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Research in suicide prevention using psychosocial interventions is rapidly advancing. However, randomised controlled trials are published across a range of medical, psychological and sociology journals, and it can be difficult to locate a full set of research studies. In this paper, we present a database of randomised controlled outcome studies on psychosocial interventions targeting suicidal behaviour. The database is updated annually and can be accessed by contacting the corresponding author.
A comprehensive literature search of the major bibliographical databases (PsycINFO; PubMed; Cochrane Central Register of Controlled Trials) was conducted for articles published between 1800 to July 30 2013, and examined reference lists of previous relevant reviews and included papers to locate additional references. Studies were included if they featured a randomised controlled design in which the effects of a psychosocial intervention were compared to a control condition (no intervention, attention placebo, wait-list, treatment-as-usual [TAU]), another psychosocial intervention or a pharmacological intervention. In total, 12,250 abstracts were identified. Of these, 131 studies met eligibility criteria and were included. Each paper was then coded into categories of participant characteristics (age, gender, formal diagnosis, primary reason for recruitment); details of the intervention (recruitment setting, content, intervention setting, administering individual, delivery type, delivery format, delivery frequency, delivery length); and study characteristics (control and experimental conditions, primary outcome/s, secondary outcome/s, follow-up period). One paper has been published from the database using studies collected and coded prior to 2012.
The database and listing of 131 studies is available for use by suicide prevention researchers. It provides a strong starting point for systematic reviews and meta-analyses of treatments and interventions. It will be updated yearly by researchers funded through the Australian National Health and Medical Research Council Centre for Research Excellence for Suicide Prevention (CRESP), located at the Black Dog Institute, Australia. This database adds to the evidence base of best-practice psychosocial interventions for suicidal behaviour and prevention.
Suicidal behaviour is a major public health problem worldwide  causing significant burden [2,3]. Overall, there is still a considerable lack of understanding of causal mechanisms underlying suicidal thoughts and behaviours and a paucity of effective, rigorously evaluated treatment and prevention strategies for suicide [4-7]. For these reasons, it is vital to consolidate our knowledge base to fill these gaps, better understand causal mechanisms and reduce the global burden of suicide.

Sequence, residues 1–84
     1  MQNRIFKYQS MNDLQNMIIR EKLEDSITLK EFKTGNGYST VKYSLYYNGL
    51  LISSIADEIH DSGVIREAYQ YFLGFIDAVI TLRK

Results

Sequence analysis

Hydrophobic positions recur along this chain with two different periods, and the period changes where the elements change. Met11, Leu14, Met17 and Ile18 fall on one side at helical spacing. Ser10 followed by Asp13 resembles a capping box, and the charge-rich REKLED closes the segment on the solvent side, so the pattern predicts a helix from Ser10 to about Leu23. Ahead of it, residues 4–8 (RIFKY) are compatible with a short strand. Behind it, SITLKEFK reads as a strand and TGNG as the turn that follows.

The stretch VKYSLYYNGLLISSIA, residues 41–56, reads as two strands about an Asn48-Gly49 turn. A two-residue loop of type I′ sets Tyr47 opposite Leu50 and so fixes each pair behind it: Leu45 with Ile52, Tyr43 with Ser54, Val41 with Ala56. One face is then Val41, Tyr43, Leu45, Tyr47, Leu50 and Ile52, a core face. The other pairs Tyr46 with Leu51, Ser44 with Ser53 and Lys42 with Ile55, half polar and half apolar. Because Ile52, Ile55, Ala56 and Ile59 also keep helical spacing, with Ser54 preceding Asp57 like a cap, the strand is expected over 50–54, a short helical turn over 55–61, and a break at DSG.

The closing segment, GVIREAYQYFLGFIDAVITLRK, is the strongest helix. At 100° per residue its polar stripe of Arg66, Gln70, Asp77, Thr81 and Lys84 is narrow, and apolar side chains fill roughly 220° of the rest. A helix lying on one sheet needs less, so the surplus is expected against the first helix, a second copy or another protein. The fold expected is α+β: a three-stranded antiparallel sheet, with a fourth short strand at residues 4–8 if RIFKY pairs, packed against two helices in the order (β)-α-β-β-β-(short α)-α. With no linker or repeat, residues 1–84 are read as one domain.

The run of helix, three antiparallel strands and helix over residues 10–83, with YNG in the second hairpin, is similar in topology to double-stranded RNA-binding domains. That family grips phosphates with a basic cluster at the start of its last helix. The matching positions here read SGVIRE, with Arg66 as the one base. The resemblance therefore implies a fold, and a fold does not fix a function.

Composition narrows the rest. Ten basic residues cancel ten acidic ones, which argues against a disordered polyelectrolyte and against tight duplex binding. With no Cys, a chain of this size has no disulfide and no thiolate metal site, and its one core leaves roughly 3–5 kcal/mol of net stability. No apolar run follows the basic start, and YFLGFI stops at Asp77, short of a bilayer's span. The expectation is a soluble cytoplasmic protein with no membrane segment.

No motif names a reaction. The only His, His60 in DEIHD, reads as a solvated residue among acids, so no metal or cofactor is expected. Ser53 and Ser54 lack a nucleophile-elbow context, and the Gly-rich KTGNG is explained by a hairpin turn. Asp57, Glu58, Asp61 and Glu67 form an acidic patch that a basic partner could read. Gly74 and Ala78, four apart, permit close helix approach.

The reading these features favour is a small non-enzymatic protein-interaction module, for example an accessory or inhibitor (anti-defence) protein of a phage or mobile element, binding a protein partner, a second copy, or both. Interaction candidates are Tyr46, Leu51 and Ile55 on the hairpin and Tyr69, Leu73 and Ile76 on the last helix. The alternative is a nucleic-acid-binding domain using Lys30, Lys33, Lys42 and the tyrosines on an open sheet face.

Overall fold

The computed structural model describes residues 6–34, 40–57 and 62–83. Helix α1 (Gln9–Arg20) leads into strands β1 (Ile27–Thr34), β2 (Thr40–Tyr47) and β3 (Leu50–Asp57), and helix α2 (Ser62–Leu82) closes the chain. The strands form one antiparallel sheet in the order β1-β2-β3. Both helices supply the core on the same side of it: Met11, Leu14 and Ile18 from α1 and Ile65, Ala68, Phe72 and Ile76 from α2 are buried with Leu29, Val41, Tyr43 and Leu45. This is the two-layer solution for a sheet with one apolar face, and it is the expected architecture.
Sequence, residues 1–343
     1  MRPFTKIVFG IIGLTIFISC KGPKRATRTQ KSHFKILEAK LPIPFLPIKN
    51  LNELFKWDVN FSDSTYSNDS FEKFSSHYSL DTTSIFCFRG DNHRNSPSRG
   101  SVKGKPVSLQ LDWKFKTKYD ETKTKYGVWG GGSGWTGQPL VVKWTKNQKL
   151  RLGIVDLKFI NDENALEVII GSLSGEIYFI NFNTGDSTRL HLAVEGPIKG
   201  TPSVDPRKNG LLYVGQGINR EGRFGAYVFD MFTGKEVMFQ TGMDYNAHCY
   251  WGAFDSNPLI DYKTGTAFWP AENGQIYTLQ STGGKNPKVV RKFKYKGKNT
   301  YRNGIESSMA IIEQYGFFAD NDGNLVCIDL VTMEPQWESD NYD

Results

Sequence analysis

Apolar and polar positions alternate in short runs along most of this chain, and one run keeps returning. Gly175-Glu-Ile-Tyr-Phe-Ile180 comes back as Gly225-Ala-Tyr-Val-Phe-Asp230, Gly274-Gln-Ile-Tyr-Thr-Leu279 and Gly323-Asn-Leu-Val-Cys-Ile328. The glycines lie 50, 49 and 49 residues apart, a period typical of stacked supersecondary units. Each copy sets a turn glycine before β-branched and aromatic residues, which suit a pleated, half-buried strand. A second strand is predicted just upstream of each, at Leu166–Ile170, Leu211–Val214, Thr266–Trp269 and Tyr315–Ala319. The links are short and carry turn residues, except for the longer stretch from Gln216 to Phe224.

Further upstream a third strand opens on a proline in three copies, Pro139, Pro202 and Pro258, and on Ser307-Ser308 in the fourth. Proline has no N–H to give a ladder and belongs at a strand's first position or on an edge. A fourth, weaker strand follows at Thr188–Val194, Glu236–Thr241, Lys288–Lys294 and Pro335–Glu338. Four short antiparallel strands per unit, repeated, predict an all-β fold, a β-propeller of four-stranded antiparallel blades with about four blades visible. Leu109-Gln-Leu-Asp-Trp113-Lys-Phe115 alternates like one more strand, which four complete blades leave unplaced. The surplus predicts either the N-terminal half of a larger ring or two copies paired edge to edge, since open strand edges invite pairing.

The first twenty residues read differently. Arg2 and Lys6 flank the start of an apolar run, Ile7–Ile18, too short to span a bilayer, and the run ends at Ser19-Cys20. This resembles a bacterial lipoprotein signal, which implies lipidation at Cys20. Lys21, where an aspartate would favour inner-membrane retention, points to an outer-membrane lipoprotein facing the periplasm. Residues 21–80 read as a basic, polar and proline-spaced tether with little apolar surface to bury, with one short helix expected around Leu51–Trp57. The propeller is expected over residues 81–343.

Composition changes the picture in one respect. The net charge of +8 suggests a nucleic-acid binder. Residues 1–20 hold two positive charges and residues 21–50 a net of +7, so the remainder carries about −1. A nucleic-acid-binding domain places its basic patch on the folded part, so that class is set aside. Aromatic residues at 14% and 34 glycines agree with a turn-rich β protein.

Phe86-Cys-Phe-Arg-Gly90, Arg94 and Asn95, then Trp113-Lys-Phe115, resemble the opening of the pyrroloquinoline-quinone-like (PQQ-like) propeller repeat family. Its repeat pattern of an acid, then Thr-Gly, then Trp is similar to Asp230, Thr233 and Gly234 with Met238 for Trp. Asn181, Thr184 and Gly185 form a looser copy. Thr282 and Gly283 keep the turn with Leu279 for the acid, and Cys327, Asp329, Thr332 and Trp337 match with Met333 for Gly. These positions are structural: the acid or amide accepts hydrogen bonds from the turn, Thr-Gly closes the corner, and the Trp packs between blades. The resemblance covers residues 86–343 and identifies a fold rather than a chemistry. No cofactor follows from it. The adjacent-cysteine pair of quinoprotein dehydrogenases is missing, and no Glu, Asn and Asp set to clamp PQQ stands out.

Numerous systematic reviews looking at suicide prevention strategies have been conducted to date, often targeting specific populations [8-10], specific treatments [11-13] or employing other restrictions such as country where included studies are conducted. Intervention studies using gold-standard methodology (i.e. randomised controlled designs [RCTs]) are relatively limited in suicide prevention [14,15]. Individual research studies are published across medical, psychological, sociological and generalist journals.
This paper describes the development of a database of Randomised Controlled Trials (RCTs) of psychosocial interventions for suicidal thoughts and behaviour. The database aims to systematically compile and update RCTs from these various sources, and provide a resource to researchers into the future. Similar databases have been established to allow researchers to undertake meta-analyses of anxiety and depression interventions and treatments [16,17].
The database, and all the studies within it, can be accessed freely via request to the corresponding author. We believe the database will facilitate future systematic reviews and meta-analyses into psychosocial interventions for suicidal thoughts and behaviour, as well as stimulate future research in suicide prevention. The current paper outlines the methodology used to construct the database and describes the characteristics of coded studies.
A comprehensive literature search of three databases (Cochrane Central Register of Controlled Trials [CENTRAL], PsycINFO and PubMed) was conducted for articles published in the period 1800 to July 30 2013 using the key word search string ‘Suicid*’ OR ‘self-harm’ OR ‘self-poisoning’ AND ‘Trial’ OR ‘intervention’ OR ‘prevention’. The search was limited to ‘humans’, ‘English’ and ‘peer-reviewed journals’.
To date, four iterations of this search have been conducted and are detailed in Table 1. The original search was conducted in April 2009, and was updated in July 2010, December 2010 and December 2011. A further update was undertaken in July 2013. Exact search terms and the number of abstracts identified in each database are presented in Table 2. Data presented henceforth refers to the overall total of these five searches. In total, 12, 250 abstracts were identified (n=11, 600 after removal of duplicates).
The inclusion criteria for the current review included (a) the program trialled was a psychosocial intervention for the treatment or prevention of suicidal behaviour, (b) suicidal behaviour (self-harm, ideation, attempt or completion) was a primary or secondary outcome measure for the trial, (c) the study was a randomised controlled trial with a no intervention, wait-list, attention or treatment as usual (TAU) control condition, and (d) the trial was published in a peer-reviewed, English language journal. Trials of pharmacological interventions were only included if they also contained a psychosocial component. No restrictions were placed on participant age, mode of recruitment, medication status or psychiatric diagnosis. To be included, studies must have included an outcome measure of suicidal behaviour. Where this was a secondary outcome, the primary outcome must have been a mental health measure.